A visit to the dentist might scare some today, but undoubtedly it can’t entail the traumatic proceedings that took place around 13000 years ago. This was a time characterized by the use of crude tools without painkillers or sophisticated gadgets. A recent research expedition by Italian researchers in Tuscany uncovered a pair of incisors that utterly corroborated the above mentioned conception. By utilizing microCT scans and residue assessments, the study team discovered dents within the teeth which bore organic matter and bitumen relics, materials that most likely served as the early forms of dental fillings. Bitumen, which is nowadays employed in road surfacing, could have been a viable option particularly because of its viscous and sticky attributes. They also noted that the hollow pits were most likely excavated/dug with the use of sharpened stones.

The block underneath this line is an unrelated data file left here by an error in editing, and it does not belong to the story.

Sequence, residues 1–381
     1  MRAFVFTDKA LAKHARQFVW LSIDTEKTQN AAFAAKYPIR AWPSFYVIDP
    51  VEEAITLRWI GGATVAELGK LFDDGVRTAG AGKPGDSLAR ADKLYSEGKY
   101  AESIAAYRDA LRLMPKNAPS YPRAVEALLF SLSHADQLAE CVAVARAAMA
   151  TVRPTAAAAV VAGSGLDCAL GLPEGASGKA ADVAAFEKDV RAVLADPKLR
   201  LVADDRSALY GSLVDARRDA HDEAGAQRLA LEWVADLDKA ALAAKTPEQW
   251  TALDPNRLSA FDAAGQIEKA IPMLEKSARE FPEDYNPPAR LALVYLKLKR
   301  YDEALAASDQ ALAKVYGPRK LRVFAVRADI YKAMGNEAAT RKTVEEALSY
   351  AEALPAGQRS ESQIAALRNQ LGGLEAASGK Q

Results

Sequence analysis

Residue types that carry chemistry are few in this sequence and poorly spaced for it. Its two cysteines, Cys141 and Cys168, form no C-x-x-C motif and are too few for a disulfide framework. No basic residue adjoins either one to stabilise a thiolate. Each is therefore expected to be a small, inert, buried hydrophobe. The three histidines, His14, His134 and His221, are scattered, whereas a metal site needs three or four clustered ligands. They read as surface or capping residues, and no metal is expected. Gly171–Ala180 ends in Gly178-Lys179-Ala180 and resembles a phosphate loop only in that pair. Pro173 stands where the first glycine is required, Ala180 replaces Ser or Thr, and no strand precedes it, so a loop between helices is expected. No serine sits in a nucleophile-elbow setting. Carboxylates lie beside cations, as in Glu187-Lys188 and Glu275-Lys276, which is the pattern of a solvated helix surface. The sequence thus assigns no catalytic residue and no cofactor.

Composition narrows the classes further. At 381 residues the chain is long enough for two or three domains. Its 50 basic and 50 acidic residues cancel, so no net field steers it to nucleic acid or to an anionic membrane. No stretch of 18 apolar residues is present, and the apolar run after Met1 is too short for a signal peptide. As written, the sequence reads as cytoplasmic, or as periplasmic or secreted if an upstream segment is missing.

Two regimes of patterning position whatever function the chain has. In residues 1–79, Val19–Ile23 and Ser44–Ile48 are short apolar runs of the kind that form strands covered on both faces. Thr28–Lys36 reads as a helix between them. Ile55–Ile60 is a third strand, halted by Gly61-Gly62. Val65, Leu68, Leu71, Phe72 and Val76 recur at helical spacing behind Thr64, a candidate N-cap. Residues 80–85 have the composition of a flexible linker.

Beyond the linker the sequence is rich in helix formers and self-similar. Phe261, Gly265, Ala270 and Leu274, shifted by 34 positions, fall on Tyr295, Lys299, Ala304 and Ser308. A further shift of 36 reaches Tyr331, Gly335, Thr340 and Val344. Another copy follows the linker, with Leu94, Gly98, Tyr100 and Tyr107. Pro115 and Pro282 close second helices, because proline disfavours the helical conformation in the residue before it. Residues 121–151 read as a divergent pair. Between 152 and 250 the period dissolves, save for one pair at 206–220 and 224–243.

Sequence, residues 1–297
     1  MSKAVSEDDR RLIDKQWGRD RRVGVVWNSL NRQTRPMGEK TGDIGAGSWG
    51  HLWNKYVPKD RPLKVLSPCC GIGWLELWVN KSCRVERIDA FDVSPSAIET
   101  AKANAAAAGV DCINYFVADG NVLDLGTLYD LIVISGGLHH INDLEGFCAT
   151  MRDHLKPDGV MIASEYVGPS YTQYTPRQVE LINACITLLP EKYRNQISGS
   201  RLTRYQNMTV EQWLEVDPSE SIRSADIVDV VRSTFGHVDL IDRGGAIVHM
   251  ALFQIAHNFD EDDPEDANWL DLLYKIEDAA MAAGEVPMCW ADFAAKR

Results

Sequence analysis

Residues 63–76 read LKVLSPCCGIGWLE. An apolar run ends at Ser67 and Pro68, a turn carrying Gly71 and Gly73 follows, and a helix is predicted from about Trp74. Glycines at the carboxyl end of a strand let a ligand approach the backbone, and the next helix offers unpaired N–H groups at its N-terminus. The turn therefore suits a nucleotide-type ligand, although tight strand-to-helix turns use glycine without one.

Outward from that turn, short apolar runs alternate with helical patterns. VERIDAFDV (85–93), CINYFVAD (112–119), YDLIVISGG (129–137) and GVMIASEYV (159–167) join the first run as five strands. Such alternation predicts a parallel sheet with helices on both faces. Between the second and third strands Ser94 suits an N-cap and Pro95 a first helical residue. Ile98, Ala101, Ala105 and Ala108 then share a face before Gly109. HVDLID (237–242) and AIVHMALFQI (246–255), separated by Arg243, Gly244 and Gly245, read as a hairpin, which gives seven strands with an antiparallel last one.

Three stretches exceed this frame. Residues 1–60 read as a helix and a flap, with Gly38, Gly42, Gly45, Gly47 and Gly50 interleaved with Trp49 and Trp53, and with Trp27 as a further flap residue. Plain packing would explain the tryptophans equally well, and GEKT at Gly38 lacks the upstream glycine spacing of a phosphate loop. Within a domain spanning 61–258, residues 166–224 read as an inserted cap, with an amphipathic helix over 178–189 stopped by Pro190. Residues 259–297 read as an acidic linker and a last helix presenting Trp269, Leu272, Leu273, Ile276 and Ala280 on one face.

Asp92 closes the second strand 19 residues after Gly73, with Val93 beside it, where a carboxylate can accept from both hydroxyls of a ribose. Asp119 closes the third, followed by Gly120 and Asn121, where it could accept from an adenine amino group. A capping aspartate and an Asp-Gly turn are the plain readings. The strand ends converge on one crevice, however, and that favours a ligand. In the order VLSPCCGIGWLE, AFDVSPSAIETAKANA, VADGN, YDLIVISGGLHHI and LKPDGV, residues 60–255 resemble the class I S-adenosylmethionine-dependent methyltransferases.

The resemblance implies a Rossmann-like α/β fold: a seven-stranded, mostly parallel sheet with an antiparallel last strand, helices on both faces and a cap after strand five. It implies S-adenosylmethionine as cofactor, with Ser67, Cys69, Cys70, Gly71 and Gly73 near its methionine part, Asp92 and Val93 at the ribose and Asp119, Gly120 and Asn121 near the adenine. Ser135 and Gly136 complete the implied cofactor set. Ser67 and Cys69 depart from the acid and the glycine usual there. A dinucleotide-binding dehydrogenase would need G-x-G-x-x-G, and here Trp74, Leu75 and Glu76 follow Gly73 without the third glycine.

This case study is not the sole example exhibiting prehistoric dental surgery. Archeologists have in the past found evidence showing that Egyptians employed bits of gold wire to affix donated teeth to a patient’s jaws.